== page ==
This is part one of two-part series on missionary newsletters. Read part two, “How to Design a Beautiful Missionary Newsletter,” here.
It was the kind of moment every ministry worker on a support trip looks forward to: The woman shared how excited she always got to see my blue newsletter envelope in the mail. Then she took me to the church sanctuary and told her friend, You’ve got to meet Beth. She’s been to Asia and Africa and all over the place!
It was great. Except that I’d been to Asia once, my missions organization didn’t send people to Africa and, as a home staff copywriter, I did all my work from a cubicle near Dallas.
Getting people to read your missionary newsletter can be tricky. Getting them to remember what they read can be even harder. But in the world of missions and writing, there are a few time-tested tricks that can help your newsletter do both. Today, in hope of sparing you the awkwardness I once faced, we’re sharing our top ten.
1. Write down ideas throughout the month.
This simple tip fixes a plethora of ministry newsletter hassles. No more hastily throwing together updates because you put it off, because you didn’t have time, because you couldn’t think of what to write. No more hemming and hawing at the beginning (“It’s been so long time since I last wrote, and it’s hard to even know where to start. …”). Keeping a simple log as events happen and thoughts come to mind will help you jump into writing with ease.
2. Be specific about what you’re doing.
Your readers will never know all the details of your work, but they should be able to concretely explain what you do, how, where and why. This not only gives them greater confidence as they invest in your ministry, but it also equips them to share your ministry with others. To them, you won’t be “a missionary I support doing stuff with African orphans.” You’ll be “someone I support who runs a skills training program for aged-out orphans in Zimbabwe. What’s neat about it is …”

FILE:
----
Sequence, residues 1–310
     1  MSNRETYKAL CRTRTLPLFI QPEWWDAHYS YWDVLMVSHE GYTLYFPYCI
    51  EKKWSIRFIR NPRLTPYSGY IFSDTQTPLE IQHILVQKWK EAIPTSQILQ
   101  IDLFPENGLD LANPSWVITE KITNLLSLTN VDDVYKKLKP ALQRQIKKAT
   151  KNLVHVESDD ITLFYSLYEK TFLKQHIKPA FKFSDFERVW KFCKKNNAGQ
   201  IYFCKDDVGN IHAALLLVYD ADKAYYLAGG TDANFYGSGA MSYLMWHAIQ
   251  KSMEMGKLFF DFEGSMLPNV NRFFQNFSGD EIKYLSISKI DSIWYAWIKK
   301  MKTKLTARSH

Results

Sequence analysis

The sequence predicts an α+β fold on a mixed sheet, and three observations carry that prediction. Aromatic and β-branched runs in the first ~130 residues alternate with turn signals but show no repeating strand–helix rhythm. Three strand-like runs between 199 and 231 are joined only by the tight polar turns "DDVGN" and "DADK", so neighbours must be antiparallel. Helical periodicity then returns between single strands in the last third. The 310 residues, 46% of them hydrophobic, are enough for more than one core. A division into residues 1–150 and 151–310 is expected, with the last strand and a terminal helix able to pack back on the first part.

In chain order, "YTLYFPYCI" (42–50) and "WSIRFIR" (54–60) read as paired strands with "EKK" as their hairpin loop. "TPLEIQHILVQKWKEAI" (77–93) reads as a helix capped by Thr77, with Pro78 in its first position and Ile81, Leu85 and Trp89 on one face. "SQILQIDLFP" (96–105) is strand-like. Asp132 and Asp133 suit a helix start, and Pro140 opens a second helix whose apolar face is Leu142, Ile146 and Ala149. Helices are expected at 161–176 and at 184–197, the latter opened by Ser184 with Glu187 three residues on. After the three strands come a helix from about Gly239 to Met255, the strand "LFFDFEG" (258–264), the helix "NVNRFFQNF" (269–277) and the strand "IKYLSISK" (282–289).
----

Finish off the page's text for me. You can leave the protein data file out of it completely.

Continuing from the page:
3. Write stories.
One of the most engaging ways to be specific? Share a story. The truth is, people don’t connect with numbers, lists or schedules. People connect with people. So rather than listing neighbors you’ve talked to, describe an interaction with one of them: where you were, who they are, pieces of the dialogue, how the relationship has been building.
“Recently I was having lunch with my friend. … Two tables from us was a couple eating. The man came over and said that he knew me and had been to our house twenty years ago. …”
Not only will a story be far more memorable, but it will also give readers something to share with others, and it will help them understand your ministry in a more practical way. No longer are you just sharing missions theory; they’re getting to see how things actually work.
4. Balance personal and ministry news.
As you share ministry stories, be sure to throw in one about your personal life. Yes, people support you to fill a ministry role. But they also support you because, at some point, they decided they like you as a person. So let them know how you are doing. Are you making friends? Have you been sick? How are the kids doing in school?
Even if you never hear the same news back from them, they will feel like they know you better, and that connection will encourage long-term, heartfelt support.
5. Don’t preach, but share.
Working in ministry and living in an unfamiliar setting, you will learn a lot. And it’s natural that you’ll want to share that. But be careful about how you do it. People generally don’t respond well to preaching, but they are open to hearing about your personal experiences of growth.